The traditional high street hardware store is still thriving in Norfolk
- Credit: PA
When Ronnie Corbett passed away a couple of weeks ago, there were tributes from the great and the good across the celebrity world reflecting on his comic genius.
Inevitably, the focus turned to his jokes, his armchair soliloquies, and the many hilarious sketches he appeared in with his Two Ronnies partner, the late Ronnie Barker.
Of course, there is one that stands out in particular where the pair appear in an old-style hardware shop and Ronnie Barker works through a shopping list of 'fork handles,' 'peas', and 'hose' etc – all with beautifully clever double meanings which the increasingly exasperated Corbett misinterprets.
What fun they must have had writing, honing, and filming the sketch simply known as The Hardware Store.
Comic wordplay at its finest and highlighting the pair's fascination with the quirks of the English language, it has gone down as one of the all-time classic comedy sketches, though I would argue that it does have a 'flaw'.
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How does it end? Who can remember how it ends and, actually, given the genius of the opening line, does it really matter?
For those who do know the final lines, the climax is somewhat weak – a fact they both acknowledged – though Barker did have the opportunity to re-write it for a live performance with an amended ending hilariously ripe with 70s innuendo.
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The funeral for Ronnie Corbett will take place on Monday, close to his home in south London, yet with this passing of another great comic leaving for a world of laughter upstairs, the famous hardware sketch came into mind when I needed a plunger for my blocked sink recently.
In this world of B&Q, Homebase and other DIY warehouses – which do clearly meet a demand, I must stress – it is pleasing to see there are still traditional hardware shops around where you can go in and buy a handful of nails, a prescribed length of hose, a plunger, candles of course, a handle for your fork or broom, and even a new head for your brush. (How else could Trigger have kept the same council sweeping brush for 20-odd years with his 17 new heads and 14 new handles?)
It was in the Dereham DIY & Hardware store, appropriately standing firm in the town's High Street, that I purchased my plunger in what is a mesmeric labyrinth of everything the handyman, the innovative householder and the curious hoarder may ever require.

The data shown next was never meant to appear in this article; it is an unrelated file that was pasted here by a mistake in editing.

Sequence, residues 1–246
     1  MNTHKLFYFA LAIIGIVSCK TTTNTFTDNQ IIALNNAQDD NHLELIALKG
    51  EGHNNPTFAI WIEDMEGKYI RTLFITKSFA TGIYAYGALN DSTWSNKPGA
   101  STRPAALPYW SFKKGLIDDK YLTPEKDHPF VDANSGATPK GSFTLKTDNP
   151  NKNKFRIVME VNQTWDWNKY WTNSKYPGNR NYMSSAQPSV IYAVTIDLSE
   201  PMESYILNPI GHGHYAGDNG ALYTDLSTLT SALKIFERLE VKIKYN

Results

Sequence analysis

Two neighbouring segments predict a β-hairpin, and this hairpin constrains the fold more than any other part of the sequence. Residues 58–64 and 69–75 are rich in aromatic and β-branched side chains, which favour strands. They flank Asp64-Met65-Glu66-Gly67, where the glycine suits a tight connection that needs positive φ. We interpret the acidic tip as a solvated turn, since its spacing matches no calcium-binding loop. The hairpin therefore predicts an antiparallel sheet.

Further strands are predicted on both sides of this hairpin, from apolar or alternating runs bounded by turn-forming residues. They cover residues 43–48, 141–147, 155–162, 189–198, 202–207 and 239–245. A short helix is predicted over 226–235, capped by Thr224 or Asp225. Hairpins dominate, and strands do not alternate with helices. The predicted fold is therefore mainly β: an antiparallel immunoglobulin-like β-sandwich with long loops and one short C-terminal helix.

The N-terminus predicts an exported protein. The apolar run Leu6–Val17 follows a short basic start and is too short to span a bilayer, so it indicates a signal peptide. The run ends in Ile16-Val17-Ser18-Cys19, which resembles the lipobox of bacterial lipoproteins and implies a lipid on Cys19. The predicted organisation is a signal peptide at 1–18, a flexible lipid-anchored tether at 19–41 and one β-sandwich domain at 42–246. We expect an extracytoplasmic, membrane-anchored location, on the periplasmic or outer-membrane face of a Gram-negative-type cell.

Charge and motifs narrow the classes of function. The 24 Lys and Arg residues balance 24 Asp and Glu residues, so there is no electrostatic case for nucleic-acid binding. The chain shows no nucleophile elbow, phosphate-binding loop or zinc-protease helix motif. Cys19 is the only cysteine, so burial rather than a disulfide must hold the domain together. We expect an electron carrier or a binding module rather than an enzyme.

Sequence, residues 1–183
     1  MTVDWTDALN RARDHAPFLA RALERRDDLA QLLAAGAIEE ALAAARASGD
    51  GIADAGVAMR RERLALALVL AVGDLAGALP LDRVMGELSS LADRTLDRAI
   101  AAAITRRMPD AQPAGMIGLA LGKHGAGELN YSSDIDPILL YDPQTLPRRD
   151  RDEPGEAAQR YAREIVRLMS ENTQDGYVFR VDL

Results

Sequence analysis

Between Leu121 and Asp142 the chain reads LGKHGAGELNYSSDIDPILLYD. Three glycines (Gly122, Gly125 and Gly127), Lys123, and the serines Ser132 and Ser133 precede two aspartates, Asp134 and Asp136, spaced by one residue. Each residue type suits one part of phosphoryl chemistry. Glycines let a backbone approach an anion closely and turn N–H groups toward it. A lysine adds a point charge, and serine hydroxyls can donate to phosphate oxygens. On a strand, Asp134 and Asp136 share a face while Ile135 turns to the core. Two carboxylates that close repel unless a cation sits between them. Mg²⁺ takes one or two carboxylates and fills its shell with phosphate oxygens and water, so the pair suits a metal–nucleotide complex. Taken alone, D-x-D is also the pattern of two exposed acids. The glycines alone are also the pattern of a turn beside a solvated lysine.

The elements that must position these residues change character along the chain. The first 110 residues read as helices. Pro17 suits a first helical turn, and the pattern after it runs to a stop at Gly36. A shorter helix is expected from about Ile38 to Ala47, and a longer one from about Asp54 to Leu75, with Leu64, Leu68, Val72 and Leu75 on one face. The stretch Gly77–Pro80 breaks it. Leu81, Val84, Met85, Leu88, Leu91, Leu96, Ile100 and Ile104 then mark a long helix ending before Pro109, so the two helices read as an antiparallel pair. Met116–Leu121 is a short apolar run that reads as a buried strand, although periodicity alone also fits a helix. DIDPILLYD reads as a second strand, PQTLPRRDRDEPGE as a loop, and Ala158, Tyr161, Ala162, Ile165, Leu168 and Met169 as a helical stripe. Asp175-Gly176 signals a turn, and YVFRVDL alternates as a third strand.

Shelves stacked high with all kinds of screws, nails, implements and gadgets and helpful and well-informed staff who know where everything is and can lay their hands on just what you are looking for in an instant.
Corbett and Barker would not be out of place in this wonderful cavern.
Yet far from being a throwback to the 70s and beyond, it is a modern business serving a public need and demand and one that is hopefully being well patronised.
Norwich is equally well served with its own version in Thorns, standing on the corner at Exchange Street selling everything in DIY, ironmongery, tools, electrical, houseware and gardening that you could possibly ever need.
A family-run business, established in 1835 by London merchant Robert Elliot Thorn, who owned several properties within the city, he noticed there was an opening in the market for an ironmongers and decided to set up the company which is still going strong today.
While there may be fewer of these specialist hardware stories about, these two are not the only such outlets in Norfolk.
There is one in Reepham, for example, and I am sure readers can point to several other such establishments dotted across the county, staffed by knowledgeable, dedicated and long-serving personnel behind the counter.
The reruns of that sketch have of course underlined how funny Barker and Corbett were and may have also had an unexpected nostalgic resonance for many in that we realise how many of these sorts of shops have vanished.
However, while we may smile at the antics of Corbett and Barker in The Hardware Store we can also be reassured that there are still such establishments serving a very special need in this day and age of fast consumerism and online shopping...somewhere you can pop in for a few nails, a single socket or a new spade.
I know exactly where I can purchase four candles, a handle for my fork, some hose, Os, peas, Ps and plugs (whether bath or 13 amp) – all under one roof at the traditional high street hardware store, which is still thriving in Norfolk.
So let's make the effort to continue to support these fabulous independent hardware stores that will always have just what we need. Actually, let's support ALL our fabulous independent stores...